Statistically speaking, there is a 65 percent chance that the love of your life is having an affair. Be very suspicious.
A recent survey or North American males found 42% were overweight, 34% were critically obese and 8% ate the survey.
I couldn't claim that I was smarter than sixty-five other guys--but the average of sixty-five other guys, certainly!
In the business people with expertise, experience and evidence will make more profitable decisions than people with instinct, intuition and imagination.
We are not concerned with the very poor. They are unthinkable, and only to be approached by the statistician or the poet.
Reports that say that something hasn't happened are always interesting to me, because as we know, there are known knowns; there are things we know we know. We also know there are known unknowns; that is to say we know there are some things we do not know. But there are also unknown unknowns- the ones we don't know we don't know.
How easy it is for so many of us today to be undoubtedly full of information yet fully deprived of accurate information.
The obvious cure for the tragic shortcomings of human intuition in a high-tech world is education. And this offers priorities for educational policy: to provide students with the cognitive tools that are most important for grasping the modern world and that are most unlike the cognitive tools they are born with. The perilous fallacies we have seen in this chapter, for example, would give high priority to economics, evolutionary biology, and probability and statistics in any high school or college curriculum. Unfortunately, most curricula have barely changed since medieval times, and are barely changeable because no one wants to be the philistine who seems to be saying that it is unimportant to learn a foreign language, or English literature, or trigonometry, or the classics. But no matter how valuable a subject may be, there are only twenty-four hours in a day, and a decision to teach one subject is also a decision not to teach another one. The question is not whether trigonometry is important, but whether it is more important than statistics; not whether an educated person should know the classics, but whether it is more important for an educated person to know the classics than to know elementary economics. In a world whose complexities are constantly challenging our intuitions, these trade-offs cannot responsibly be avoided.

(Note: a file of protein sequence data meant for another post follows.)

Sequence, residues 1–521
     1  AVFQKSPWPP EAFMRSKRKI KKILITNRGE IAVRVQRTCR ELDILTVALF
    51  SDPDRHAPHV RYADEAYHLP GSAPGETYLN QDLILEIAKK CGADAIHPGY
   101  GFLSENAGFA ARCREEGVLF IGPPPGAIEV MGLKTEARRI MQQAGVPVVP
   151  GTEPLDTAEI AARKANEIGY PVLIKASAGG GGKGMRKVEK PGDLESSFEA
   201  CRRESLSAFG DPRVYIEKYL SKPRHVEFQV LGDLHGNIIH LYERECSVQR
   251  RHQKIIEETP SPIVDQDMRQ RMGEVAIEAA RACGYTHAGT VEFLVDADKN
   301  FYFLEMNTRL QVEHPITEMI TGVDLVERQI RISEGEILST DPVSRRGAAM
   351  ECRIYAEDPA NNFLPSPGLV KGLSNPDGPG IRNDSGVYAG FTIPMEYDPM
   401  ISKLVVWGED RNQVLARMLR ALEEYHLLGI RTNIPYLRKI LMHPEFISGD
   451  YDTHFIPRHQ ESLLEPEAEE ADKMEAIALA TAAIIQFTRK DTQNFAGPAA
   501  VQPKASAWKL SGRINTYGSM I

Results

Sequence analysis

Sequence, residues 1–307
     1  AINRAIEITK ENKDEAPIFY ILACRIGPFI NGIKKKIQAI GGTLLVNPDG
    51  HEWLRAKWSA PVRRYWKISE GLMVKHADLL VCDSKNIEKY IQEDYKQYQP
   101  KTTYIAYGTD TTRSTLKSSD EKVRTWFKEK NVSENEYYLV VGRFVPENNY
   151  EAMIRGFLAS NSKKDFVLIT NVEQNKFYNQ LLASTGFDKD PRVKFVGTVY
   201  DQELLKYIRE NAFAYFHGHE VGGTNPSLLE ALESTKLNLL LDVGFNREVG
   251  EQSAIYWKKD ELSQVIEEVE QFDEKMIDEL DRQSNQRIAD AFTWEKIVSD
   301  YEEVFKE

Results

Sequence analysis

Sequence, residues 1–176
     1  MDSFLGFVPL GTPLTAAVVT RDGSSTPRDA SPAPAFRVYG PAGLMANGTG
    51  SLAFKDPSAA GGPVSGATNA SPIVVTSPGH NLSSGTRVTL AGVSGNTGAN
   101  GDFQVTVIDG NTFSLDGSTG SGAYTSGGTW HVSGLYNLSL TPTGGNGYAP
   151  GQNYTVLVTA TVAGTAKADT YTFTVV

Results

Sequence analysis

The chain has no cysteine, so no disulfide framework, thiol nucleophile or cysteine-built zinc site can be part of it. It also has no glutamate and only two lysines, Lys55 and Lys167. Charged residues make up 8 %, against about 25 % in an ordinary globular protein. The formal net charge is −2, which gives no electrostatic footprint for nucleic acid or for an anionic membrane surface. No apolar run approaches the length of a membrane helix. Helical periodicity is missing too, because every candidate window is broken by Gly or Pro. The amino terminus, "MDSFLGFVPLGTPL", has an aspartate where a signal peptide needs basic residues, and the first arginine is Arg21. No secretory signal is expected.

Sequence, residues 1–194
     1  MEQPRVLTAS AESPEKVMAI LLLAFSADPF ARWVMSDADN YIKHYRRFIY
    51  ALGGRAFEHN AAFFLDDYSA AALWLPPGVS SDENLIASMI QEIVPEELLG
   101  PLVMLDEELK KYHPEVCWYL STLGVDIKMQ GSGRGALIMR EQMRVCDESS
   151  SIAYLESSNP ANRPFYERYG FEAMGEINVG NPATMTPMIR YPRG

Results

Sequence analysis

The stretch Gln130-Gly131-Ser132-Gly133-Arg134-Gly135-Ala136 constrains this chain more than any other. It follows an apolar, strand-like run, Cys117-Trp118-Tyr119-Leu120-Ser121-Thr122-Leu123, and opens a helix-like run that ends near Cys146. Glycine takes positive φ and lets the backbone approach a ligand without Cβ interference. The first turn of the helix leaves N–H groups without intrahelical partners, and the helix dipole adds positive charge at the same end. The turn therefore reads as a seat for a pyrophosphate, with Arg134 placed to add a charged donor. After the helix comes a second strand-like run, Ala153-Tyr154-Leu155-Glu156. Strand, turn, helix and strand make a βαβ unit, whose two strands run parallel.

Also, even if technocrats provide reasonable estimates of a risk, which itself is an iffy enterprise, they cannot dictate what level of risk people ought to accept. People might object to a nuclear power plant that has a minuscule risk of a meltdown not because they overestimate the risk, but because they feel that the cost of a catastrophe, no matter how remote, are too dreadful. And of course any of these trade-offs may be unacceptable if people perceive that the benefits would go to the wealthy and powerful while they themselves absorb the risks. Nonetheless, understanding the difference between our best science and our ancient ways of thinking can only make our individual and collective decisions better informed. It can help scientists and journalists explain a new technology in the face of the most common misunderstandings. And it can help all of us understand the technology so that we can accept or reject it on grounds that we can justify to ourselves and to others.
In my opinion, defining intelligence is much like defining beauty, and I don’t mean that it’s in the eye of the beholder. To illustrate, let’s say that you are the only beholder, and your word is final. Would you be able to choose the 1000 most beautiful women in the country? And if that sounds impossible, consider this: Say you’re now looking at your picks. Could you compare them to each other and say which one is more beautiful? For example, who is more beautiful— Katie Holmes or Angelina Jolie? How about Angelina Jolie or Catherine Zeta-Jones? I think intelligence is like this. So many factors are involved that attempts to measure it are useless. Not that IQ tests are useless. Far from it. Good tests work: They measure a variety of mental abilities, and the best tests do it well. But they don’t measure intelligence itself.